When their son was just 14 months old, Robert and Betty Jane Henry learned that young Lee had hemophilia. It was the 1940s and the medical community had little to offer them, leaving Lee vulnerable to dangerous and life-limiting bleeds. But Lee’s parents responded with love and hope by founding the National Hemophilia Foundation in 1948, which this year turns 75.
Lee’s birth is the first key event featured in a comprehensive timeline the NHF created to help celebrate decades of progress for people who live with bleeding disorders.
Here are five highlights:
1954 - Dr. Judith Graham Pool Publishes Her First Research Paper
When Judith Graham Pool joined Stanford University’s School of Medicine as a researcher, she shifted her focus from muscles to blood to study coagulation, or clotting. This body of work lead her to discover a method for separating Factor VIII, the protein essential to clotting, into a concentrate from frozen blood plasma. The resulting concentrate, known as cryoprecipitate, was a breakthrough that revolutionized treatment for hemophilia patients.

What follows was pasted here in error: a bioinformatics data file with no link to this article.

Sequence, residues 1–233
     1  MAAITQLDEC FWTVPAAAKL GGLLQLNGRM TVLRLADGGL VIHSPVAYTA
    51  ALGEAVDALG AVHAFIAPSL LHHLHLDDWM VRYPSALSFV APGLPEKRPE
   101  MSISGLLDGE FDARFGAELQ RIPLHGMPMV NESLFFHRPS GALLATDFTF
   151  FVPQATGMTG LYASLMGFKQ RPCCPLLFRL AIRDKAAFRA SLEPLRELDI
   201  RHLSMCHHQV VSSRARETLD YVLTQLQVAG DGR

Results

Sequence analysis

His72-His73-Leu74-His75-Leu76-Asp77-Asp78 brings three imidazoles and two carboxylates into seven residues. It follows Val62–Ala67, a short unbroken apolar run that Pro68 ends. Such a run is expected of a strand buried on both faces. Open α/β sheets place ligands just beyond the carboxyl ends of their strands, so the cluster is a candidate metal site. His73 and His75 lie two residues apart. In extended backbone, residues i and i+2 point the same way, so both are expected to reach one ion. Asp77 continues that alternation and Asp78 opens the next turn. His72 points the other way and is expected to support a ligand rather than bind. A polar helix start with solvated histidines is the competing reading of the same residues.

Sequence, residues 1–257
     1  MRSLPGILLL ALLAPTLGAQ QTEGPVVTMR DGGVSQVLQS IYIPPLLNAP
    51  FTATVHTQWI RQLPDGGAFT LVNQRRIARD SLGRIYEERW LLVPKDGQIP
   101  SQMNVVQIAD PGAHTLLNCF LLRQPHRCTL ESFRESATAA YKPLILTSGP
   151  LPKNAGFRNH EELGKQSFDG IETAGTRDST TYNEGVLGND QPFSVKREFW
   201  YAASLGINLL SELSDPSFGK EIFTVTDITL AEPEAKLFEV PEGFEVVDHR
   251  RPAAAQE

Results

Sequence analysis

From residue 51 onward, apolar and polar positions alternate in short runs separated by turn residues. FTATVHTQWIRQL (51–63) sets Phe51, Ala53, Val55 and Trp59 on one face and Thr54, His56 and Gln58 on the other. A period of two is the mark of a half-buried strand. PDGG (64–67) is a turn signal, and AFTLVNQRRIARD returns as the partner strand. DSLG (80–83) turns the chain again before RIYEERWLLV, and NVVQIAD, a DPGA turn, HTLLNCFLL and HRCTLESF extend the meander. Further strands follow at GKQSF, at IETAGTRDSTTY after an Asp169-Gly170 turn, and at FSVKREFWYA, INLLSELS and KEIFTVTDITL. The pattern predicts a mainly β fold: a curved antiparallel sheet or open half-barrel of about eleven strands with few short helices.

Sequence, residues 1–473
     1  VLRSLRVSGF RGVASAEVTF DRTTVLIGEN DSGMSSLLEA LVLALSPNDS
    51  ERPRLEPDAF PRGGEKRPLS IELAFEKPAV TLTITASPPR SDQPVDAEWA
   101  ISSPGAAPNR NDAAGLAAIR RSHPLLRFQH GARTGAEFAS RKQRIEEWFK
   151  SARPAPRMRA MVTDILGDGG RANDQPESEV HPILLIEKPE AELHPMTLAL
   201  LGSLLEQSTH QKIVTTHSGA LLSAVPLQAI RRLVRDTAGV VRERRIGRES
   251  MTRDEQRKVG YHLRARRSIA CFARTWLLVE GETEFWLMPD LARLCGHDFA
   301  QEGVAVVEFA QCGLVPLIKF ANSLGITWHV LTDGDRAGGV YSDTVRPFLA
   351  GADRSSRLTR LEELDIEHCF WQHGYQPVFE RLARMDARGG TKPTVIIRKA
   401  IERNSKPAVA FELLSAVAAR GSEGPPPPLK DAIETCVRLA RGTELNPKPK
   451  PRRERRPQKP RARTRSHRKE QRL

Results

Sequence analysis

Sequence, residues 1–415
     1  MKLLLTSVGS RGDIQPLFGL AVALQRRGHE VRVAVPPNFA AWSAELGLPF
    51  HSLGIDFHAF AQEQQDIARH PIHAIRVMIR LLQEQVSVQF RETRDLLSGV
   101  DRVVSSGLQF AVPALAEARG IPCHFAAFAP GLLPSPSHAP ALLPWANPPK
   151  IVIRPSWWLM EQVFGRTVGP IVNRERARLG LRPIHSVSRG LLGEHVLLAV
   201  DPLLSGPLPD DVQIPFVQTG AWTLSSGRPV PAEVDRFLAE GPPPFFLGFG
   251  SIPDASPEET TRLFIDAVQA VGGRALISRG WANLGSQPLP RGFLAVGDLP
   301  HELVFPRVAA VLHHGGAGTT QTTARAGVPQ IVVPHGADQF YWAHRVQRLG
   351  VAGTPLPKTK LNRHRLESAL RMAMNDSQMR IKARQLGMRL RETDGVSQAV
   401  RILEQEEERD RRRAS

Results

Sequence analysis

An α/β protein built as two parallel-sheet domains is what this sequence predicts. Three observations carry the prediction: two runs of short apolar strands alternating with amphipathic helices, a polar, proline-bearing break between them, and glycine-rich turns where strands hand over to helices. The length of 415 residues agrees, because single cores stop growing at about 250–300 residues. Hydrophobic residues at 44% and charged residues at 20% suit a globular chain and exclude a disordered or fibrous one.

1976 – Hemophilia Treatment Centers Act of 1975
NHF successfully petitioned Congress to authorize $3 million in federal funding to establish a network of 20 hemophilia treatment centers. Each center would provide comprehensive care and for individuals with hemophilia types A, B and C, as well as von Willebrand disease.
1984 – MASAC Recommendation to Minimize Risk of HIV Transmission
Blood products tainted with human immunodeficiency virus (HIV) were causing an epidemic in the hemophilia patient population. Scientists discovered that by heating plasma, HIV could be inactivated. NHF’s Medical and Scientific Advisory Council (MASAC) soon recommended the use of heat-treated plasma concentrates after further studies by the Centers for Disease Control and Prevention (CDC).
1993 – New FDA Guidelines for Clinical Trials
The Food and Drug Administration (FDA) formally rescinded the 1977 policy that prevented most women from participating in clinical trials – an important development because hemophilia and bleeding disorders affect both men and women.
2003 – Genome Mapping Completed
The now-complete Human Genome Project generated the first sequence of the human genome, providing scientists with fundamental information needed to better understand many diseases, including hemophilia.